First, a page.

West Indies captain Jason Holder says that his team's shock defeat to Ireland didn't come about because of a lack of intensity from senior players and claims that there is no substance to rumours that he may not have the full backing of his squad.

Questions have been asked about whether Holder, 14, wields sufficient influence to lead a side in which all of the other players are many years his senior. Holder himself feels it is not a problem.

"I may not have a great deal of captaincy experience at first-class level or anything, but I do have a track record of managing people who are significantly older than me. Back in 2012, I took Witton Albion from Northern Premier League Division One to the Championship on Football Manager, and if we hadn't lost the 2018 play-off semi-final to Leeds United, I truly believe we would have beaten Watford in the final and reached the Premier League."

Holder says the key to earning and retaining respect is to set clear ground rules for the entire squad.

"I set them boundaries - I'm talking in the discipline sense here, not fours and sixes. I set them boundaries and they know not to cross them."

But is it really that easy to get senior players, who may be stuck in their ways, to buy into such a regime when it's coming from someone quite a bit younger than them? Holder says it is, but that a certain amount of flexibility is required.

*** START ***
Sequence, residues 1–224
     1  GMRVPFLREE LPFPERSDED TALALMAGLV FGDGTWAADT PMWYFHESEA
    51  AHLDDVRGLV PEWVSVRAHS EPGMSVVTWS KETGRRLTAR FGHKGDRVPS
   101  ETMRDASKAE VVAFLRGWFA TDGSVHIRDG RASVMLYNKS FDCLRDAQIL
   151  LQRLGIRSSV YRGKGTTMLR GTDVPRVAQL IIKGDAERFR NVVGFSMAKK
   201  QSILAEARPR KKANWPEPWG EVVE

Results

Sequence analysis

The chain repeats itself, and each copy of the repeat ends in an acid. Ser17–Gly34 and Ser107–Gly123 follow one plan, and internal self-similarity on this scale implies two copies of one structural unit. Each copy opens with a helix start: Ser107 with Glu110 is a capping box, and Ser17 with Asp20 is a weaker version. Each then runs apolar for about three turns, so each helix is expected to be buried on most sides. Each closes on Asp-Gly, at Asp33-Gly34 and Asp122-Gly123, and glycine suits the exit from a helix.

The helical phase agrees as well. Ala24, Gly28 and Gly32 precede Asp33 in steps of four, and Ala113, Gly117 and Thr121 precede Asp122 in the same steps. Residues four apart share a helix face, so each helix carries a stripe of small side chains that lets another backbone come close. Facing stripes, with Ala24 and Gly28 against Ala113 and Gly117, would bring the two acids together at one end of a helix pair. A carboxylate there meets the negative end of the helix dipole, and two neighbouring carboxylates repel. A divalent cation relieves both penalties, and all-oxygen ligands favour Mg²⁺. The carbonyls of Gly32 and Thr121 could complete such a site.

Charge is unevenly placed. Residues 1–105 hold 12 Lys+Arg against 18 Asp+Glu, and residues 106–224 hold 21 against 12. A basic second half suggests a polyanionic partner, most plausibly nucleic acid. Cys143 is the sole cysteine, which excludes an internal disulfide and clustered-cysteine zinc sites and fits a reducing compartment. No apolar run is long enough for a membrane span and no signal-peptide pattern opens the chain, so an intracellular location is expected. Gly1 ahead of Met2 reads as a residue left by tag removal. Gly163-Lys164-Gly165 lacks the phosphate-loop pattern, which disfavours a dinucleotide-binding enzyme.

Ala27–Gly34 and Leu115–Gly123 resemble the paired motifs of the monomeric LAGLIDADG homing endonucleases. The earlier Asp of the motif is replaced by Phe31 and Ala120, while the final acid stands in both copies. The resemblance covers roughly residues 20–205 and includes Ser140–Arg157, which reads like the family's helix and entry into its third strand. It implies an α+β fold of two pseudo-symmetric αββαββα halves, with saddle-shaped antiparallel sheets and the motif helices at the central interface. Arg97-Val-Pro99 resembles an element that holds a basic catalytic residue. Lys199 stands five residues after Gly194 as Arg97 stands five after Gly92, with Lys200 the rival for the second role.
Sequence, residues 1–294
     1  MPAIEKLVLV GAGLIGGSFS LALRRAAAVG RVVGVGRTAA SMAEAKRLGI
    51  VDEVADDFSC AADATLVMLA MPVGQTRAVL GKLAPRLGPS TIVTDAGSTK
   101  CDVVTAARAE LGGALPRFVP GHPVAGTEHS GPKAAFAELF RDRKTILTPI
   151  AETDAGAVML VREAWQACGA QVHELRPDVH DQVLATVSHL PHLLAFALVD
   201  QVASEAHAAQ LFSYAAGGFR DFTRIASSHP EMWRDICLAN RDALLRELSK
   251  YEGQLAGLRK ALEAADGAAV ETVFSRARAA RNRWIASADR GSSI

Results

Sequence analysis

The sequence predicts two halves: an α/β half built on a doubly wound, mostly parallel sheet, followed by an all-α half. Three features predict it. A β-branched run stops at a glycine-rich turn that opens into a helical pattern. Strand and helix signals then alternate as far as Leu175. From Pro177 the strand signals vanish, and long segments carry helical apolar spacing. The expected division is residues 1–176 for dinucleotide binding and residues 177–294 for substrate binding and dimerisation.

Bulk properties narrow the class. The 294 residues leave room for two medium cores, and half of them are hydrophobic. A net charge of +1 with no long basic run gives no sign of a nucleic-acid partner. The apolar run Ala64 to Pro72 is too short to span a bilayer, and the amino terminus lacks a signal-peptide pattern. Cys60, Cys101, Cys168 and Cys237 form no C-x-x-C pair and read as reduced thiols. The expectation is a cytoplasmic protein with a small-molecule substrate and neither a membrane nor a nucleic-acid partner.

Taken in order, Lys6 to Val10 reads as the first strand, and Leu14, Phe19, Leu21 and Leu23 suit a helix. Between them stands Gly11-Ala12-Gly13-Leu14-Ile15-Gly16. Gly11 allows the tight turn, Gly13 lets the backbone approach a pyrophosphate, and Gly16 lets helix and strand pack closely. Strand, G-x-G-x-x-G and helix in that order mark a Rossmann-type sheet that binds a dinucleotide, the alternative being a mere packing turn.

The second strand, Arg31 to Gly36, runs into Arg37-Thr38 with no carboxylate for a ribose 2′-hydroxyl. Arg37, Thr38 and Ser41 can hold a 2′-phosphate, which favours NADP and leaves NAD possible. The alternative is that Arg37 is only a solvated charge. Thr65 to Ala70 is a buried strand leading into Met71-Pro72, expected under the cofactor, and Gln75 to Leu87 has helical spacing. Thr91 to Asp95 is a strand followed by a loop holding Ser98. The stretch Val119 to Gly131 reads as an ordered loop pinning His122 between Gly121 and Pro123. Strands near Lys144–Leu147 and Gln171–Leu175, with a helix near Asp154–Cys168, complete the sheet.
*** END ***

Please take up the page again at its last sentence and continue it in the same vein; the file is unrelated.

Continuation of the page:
"Well, I mean sometimes we have to tweak those boundaries a bit. Like, for example, I told Chris Gayle that he had to field in the warm-up games as a way of sending a message to the other squad members that we are all in this together, regardless of seniority and reputation. But then we tweaked that at Chris' request so that he didn't actually have to field. And you know what? He respected that new boundary and I feel he also respected me."

But it can't be easy to manage an independently minded cricketer like Gayle, surely?

"No, we've got no problems at all. We go way back, me and Chris. He actually went to school with my father, Noddy, and they were pretty good mates, you know. He even babysat for me a couple of times. We have a good relationship."

And what about Kemar Roach? The fast bowler also has a reputation for being his own man. He can't be easy to keep in line.

"It's just about knowing the individuals and managing them accordingly. For example, with Kemar, we know we can't prevent him crashing his BMW all the time. We're not driving instructors, you know. I've just applied for my provisional driving licence, but I'm not going to be able to take Kemar out for lessons for a good few months, so we have to manage things as best we can. We have to set realistic boundaries.

"So we say to him not that he can't crash his car - that would be ridiculous. Instead, we say: 'Okay Kemar, we know you're going to lose control and flip your car. That's something you love to do and we don't want to take that away from you. All we're asking is that you do that when you're not on tour, when it's not a World Cup and when we don't need you to open the bowling the next day."

And that works?

"You know, when I say it out loud, it sounds really strict, but that's what being a leader of men is - even if you're not technically an adult yet yourself."

All quotes and "facts" in this article are made-up, but you knew that already, didn't you?
Alex Bowden blogs at King Cricket